This paper reports preliminary work to understand the nature of vibrations from riding a bicycle and how these may impact on human comfort and bodily stress.
There are two parts to the study. The first part comprises results from a survey of cycle users which investigates potential comfort and health factors resulting from cycling and shows that health issues during and after cycling are not uncommon. These issues predominantly concern hand/arm, knee and back pain, and that they are presumed by the respondents to be caused predominantly by rider position and the condition of the road surface.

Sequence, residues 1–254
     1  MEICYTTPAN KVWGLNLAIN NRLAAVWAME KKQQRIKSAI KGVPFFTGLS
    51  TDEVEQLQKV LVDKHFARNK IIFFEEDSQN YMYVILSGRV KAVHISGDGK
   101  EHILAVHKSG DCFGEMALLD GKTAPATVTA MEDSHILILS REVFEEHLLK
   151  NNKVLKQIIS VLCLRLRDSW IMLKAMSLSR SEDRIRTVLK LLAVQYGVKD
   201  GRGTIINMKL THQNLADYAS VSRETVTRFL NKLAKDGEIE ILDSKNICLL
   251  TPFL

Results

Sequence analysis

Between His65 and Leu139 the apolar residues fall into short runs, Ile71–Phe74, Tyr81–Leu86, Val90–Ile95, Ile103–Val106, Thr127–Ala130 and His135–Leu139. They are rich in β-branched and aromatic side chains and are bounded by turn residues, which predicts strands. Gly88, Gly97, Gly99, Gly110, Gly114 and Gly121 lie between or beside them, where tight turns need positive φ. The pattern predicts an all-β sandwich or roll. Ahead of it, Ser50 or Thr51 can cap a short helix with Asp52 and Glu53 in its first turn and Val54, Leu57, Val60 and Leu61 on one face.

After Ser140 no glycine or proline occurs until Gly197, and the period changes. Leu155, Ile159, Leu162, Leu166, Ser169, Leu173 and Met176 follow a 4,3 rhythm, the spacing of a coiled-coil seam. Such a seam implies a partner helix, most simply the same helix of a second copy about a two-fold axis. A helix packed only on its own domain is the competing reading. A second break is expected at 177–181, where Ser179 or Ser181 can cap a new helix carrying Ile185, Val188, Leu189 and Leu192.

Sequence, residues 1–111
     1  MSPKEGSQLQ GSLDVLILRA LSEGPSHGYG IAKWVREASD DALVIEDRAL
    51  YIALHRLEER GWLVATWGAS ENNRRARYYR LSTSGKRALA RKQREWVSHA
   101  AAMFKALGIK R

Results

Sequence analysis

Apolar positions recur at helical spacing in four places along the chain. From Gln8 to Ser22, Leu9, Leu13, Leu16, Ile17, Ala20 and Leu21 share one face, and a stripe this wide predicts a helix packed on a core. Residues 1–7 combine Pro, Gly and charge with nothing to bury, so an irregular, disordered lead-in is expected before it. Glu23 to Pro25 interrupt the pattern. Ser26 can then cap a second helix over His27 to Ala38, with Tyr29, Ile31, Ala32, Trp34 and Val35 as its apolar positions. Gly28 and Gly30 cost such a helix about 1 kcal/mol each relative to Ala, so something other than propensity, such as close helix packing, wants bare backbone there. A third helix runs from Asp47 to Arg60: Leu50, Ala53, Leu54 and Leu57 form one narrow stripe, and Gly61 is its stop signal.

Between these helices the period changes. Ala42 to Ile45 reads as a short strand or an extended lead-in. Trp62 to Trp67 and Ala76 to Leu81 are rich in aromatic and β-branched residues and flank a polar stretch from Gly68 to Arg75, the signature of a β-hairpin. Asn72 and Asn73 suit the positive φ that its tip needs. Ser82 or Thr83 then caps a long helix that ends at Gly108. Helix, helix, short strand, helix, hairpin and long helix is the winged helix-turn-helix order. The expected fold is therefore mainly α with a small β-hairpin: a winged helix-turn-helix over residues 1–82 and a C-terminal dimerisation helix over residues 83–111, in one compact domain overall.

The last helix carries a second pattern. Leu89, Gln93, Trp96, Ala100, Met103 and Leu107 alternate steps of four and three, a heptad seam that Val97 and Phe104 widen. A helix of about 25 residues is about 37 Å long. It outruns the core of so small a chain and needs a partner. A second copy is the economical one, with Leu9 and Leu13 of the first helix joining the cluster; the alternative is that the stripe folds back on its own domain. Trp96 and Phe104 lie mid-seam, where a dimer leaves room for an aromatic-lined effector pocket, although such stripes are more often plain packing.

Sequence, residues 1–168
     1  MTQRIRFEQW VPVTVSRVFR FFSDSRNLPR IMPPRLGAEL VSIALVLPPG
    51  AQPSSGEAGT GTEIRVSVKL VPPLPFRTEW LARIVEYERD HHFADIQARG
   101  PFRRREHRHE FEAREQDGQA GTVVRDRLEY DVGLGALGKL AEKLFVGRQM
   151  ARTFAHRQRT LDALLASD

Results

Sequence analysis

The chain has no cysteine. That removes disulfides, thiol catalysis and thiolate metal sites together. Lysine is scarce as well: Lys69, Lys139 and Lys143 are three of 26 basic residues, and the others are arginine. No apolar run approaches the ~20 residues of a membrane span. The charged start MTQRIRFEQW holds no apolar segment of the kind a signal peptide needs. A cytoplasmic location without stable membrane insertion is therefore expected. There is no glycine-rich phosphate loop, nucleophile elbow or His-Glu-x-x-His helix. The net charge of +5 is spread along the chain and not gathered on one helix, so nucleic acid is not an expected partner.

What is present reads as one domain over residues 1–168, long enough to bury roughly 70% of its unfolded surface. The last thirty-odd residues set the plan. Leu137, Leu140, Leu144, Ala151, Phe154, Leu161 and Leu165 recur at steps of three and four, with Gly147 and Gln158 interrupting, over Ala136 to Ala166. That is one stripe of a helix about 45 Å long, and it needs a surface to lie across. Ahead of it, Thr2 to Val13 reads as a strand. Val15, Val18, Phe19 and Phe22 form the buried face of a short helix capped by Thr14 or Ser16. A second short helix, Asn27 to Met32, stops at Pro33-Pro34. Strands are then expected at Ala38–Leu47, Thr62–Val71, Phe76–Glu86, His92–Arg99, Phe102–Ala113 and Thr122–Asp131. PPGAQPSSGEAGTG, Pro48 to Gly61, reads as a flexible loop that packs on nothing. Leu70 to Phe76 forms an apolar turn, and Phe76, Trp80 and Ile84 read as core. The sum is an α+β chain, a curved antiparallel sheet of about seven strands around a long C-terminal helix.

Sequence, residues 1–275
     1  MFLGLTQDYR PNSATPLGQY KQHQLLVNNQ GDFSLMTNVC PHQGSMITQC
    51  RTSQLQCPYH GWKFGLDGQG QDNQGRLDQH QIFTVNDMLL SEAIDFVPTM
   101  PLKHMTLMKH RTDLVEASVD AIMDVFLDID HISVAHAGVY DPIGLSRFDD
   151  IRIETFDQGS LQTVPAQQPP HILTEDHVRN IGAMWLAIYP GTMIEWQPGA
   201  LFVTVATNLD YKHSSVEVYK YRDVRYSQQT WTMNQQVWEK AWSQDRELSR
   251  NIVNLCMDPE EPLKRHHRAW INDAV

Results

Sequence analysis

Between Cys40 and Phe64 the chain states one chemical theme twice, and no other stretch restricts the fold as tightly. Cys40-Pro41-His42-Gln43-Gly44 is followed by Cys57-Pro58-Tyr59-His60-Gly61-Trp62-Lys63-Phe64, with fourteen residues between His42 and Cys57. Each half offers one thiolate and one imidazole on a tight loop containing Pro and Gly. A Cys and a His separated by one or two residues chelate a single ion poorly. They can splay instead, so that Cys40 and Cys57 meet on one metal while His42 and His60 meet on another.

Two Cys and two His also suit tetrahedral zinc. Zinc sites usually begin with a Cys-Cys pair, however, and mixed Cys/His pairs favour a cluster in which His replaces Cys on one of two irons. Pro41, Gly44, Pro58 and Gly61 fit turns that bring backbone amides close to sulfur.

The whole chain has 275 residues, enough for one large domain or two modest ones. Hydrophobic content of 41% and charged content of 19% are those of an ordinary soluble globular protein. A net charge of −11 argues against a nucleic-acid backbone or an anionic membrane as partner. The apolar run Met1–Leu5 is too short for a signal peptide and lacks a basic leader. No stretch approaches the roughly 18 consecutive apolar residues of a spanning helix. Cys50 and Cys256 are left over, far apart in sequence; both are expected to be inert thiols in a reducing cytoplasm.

The second part reports evidence on the nature of vibrations from riding a bicycle in different circumstances. This data has been collected in London on routes of different surface roughness using a bicycle equipped with an accelerometer which measures vertical acceleration amplitude. The data collected shows that workplace vibration Exposure Action Values are exceeded for a typical commute journey and, indeed, Exposure Limit Values may be exceeded. Collecting field data presents challenges in terms of the repeatability of the measurements and comparability between measurements and these challenges are being further considered in order to identify recommendations for more extensive experimentation.
Parkin, J., & Sainte Cluque, E. (2014, January). The impact of vibration on comfort and bodily stress while cycling. Paper presented at UTSG 46th Annual Conference